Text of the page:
Acadia, Maine, and New Scotland: Marginal Colonies in the Seventeenth Century
Acadia, Maine, and New Scotland were similarly conceived as major colonizing attempts by France, England, and Scotland, respectively.
In this comparative study, Professor Reid explores the colonizing styles of the parent countries and describes the interaction of the Europeans with the native peoples and with the physical environment of the northeastern seaboard.
Colonial development is traced from the earliest attempts throught the elaborate schemes of each country in the 1620s, which produced the first serious idsjunction between European concept and American reality. During the crucial, formative years between 1630 and 1650, the three emerged as marginal colonies, still unable to harmonize with their environment.
The author discusses the demise of New Scotland by 1650 and the fragile conditions of Acadia and Maine, which resulted from the pressures of potent external forces. As the century went on, Acadia and Maine were open to the conflicting influences of the European governments, the powerful neighbouring colony of Massachusetts, adn the native peoples of the region. A complex and destructive series of wars was the culmination.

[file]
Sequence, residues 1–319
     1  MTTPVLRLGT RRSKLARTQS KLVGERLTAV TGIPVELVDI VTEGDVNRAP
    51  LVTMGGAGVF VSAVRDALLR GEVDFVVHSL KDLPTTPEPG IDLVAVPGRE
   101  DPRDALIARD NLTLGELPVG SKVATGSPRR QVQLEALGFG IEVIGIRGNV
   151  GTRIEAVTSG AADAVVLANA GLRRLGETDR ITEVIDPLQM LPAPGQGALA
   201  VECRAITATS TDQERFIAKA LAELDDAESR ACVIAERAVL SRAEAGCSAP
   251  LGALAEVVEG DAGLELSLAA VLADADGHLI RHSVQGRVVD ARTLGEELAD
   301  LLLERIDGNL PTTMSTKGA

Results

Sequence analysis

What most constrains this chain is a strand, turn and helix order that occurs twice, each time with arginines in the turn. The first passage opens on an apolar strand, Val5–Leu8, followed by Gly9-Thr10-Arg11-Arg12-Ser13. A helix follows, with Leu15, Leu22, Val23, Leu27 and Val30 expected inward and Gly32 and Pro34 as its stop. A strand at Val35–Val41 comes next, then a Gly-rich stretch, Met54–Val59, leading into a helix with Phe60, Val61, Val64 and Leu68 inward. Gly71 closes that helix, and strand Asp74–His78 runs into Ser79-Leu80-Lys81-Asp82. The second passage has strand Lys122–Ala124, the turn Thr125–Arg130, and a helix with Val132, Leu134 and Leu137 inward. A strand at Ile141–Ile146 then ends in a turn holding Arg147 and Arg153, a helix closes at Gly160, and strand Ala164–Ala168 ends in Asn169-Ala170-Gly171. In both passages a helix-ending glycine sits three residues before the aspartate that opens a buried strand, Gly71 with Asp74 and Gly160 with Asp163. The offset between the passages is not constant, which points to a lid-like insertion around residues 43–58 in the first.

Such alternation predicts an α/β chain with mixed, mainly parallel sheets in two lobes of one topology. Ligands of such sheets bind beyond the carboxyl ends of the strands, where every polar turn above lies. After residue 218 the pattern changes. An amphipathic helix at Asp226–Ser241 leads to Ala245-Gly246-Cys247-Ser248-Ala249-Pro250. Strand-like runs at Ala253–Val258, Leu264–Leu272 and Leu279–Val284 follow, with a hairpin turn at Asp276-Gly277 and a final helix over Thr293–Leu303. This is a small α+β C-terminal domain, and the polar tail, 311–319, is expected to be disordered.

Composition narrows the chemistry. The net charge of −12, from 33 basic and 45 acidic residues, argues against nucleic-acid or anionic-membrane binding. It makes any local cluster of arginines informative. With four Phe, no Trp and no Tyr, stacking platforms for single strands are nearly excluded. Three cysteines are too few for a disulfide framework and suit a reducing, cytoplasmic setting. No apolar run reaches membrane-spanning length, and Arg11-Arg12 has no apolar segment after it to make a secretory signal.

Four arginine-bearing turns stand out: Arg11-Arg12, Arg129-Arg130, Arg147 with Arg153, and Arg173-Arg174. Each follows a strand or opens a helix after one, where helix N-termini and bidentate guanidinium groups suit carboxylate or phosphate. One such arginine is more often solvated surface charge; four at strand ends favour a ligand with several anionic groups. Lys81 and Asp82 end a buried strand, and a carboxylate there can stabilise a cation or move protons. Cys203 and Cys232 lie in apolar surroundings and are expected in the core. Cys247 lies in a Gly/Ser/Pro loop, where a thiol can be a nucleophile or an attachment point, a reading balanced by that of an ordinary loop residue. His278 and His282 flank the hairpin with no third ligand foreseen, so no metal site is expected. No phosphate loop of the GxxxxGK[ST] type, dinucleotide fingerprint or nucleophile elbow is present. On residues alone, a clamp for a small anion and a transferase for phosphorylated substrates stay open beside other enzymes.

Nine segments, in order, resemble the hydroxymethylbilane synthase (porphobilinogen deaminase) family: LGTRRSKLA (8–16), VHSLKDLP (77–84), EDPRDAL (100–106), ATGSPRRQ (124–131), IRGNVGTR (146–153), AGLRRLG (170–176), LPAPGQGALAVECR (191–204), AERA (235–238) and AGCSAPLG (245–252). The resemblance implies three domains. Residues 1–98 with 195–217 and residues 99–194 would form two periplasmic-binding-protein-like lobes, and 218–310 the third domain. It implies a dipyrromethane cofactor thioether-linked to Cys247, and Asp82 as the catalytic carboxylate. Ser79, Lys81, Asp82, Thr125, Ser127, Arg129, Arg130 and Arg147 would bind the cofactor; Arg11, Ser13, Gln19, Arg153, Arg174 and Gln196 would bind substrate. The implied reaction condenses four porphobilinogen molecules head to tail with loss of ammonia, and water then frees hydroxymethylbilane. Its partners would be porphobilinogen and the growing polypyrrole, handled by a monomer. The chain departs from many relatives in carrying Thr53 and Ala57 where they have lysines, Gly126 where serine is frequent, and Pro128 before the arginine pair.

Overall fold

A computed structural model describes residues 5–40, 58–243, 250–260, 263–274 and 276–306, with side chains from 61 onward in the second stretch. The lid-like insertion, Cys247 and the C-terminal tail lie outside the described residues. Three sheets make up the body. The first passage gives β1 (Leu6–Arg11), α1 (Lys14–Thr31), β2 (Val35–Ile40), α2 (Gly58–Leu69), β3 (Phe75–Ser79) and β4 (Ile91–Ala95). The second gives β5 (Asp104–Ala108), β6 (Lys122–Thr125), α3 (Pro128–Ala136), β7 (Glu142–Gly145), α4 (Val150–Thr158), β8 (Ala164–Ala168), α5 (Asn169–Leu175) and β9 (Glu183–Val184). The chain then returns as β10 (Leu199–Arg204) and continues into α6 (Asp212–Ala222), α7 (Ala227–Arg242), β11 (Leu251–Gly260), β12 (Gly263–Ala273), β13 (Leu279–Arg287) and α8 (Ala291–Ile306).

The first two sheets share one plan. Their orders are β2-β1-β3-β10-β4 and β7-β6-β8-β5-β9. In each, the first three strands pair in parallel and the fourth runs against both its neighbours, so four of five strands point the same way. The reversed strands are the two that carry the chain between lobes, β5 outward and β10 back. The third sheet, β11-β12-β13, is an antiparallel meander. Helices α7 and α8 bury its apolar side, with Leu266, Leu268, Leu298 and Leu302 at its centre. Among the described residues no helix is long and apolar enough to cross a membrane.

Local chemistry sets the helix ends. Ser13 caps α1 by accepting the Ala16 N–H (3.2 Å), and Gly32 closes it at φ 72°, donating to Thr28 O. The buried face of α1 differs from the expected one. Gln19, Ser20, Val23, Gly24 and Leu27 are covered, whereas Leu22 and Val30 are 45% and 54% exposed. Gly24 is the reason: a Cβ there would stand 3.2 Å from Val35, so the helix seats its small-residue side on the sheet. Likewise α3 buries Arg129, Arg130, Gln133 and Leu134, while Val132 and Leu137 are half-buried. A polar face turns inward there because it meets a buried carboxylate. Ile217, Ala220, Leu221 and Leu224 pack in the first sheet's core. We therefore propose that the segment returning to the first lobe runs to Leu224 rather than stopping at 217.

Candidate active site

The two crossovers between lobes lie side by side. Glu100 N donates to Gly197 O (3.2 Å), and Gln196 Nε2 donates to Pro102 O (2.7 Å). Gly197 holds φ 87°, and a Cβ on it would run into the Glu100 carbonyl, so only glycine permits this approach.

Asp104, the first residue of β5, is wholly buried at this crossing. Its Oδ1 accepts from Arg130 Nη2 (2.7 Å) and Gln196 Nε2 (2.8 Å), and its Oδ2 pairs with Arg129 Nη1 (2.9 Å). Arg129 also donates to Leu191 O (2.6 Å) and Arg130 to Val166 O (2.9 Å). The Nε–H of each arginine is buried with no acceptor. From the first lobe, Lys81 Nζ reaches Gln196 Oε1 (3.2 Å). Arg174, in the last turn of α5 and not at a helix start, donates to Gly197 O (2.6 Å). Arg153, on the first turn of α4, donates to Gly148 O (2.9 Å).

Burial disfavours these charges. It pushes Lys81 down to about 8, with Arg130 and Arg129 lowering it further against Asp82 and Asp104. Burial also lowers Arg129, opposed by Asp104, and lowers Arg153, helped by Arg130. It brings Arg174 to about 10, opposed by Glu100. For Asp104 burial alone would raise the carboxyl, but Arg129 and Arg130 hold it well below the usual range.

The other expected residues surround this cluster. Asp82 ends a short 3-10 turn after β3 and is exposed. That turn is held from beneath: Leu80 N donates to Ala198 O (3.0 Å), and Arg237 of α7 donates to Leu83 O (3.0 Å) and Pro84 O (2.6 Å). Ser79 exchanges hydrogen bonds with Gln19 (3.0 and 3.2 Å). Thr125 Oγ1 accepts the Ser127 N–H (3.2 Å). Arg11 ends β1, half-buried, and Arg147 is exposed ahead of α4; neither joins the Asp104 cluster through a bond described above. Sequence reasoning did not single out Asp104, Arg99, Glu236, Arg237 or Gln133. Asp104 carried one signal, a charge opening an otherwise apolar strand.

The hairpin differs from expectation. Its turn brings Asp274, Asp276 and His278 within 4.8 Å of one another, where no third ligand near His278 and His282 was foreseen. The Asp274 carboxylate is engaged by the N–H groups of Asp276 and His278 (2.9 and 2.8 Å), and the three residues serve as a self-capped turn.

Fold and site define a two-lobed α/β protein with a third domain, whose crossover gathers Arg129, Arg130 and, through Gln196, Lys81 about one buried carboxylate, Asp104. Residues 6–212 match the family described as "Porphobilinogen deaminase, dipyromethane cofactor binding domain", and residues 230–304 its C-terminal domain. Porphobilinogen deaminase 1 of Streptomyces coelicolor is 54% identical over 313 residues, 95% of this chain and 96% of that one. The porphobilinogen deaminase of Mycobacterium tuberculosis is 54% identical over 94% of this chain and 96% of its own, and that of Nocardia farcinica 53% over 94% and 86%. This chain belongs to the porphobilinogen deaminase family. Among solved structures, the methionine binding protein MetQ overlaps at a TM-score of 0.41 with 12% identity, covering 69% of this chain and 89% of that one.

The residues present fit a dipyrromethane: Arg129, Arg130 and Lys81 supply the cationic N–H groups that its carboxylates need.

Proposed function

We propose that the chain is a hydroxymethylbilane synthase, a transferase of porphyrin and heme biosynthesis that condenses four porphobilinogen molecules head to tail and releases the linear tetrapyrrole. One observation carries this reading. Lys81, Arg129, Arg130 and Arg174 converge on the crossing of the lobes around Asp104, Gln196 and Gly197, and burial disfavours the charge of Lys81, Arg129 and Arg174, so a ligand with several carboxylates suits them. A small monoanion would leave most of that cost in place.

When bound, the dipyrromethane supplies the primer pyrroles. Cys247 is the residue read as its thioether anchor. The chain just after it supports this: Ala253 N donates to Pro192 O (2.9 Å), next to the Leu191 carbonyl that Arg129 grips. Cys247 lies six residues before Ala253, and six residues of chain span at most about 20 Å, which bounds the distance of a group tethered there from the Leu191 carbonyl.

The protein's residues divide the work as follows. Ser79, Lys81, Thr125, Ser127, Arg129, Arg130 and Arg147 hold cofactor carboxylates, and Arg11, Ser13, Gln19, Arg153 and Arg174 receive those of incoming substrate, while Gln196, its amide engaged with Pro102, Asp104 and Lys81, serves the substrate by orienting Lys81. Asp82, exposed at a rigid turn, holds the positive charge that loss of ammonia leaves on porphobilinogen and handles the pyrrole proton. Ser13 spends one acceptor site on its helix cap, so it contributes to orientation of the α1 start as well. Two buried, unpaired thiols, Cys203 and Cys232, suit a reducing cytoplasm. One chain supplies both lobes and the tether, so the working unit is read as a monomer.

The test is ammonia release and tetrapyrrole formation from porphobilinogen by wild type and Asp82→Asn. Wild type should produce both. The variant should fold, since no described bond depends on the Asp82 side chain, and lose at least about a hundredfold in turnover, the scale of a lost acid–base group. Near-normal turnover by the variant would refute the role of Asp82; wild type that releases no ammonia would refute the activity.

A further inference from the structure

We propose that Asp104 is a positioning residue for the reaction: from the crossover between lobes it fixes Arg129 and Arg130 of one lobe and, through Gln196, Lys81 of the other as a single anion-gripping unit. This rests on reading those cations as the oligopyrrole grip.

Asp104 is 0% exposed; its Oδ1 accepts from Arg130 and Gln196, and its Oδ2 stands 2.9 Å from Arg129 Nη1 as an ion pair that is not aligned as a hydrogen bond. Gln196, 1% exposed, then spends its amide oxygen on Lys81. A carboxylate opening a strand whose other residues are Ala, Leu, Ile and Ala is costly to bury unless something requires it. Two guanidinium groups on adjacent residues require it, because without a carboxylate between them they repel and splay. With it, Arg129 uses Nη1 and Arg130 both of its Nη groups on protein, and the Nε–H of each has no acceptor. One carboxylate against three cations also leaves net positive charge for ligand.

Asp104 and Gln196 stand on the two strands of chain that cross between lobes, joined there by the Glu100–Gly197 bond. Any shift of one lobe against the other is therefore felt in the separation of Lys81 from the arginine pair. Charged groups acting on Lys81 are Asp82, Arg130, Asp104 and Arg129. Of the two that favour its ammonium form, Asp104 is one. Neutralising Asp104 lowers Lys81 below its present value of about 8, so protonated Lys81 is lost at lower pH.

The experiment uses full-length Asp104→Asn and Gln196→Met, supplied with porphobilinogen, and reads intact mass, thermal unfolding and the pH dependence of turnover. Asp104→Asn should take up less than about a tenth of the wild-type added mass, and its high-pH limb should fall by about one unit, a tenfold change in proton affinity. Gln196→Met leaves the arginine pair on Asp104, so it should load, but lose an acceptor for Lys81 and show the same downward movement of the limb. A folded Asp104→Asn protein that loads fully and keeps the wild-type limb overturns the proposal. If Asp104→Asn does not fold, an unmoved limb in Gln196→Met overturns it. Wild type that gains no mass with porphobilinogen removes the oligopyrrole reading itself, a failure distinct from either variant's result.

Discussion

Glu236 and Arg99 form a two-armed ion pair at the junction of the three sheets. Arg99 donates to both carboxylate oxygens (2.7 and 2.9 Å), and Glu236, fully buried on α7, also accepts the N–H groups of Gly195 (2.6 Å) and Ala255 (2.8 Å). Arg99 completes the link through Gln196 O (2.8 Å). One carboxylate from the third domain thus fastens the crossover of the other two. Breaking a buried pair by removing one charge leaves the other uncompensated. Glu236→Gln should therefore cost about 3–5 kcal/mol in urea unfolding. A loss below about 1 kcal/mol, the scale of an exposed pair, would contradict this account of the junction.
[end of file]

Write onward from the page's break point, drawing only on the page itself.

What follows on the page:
Although nothing major differences, Reid emphasizes the similarities among the colonies, each of which failed to fulfil the expectations of its parent country: he reflects on this failure as an important exception to the seemingly ineluctable progress of European colonization in America.
- Series: Heritage
- World Rights
- Page Count: 312 pages
- Dimensions: 6.0in x 0.0in x 9.0in
John G. Reid is a professor in the Department of History and a senior fellow at the Gorsebrook Research Institute at Saint Mary's University.
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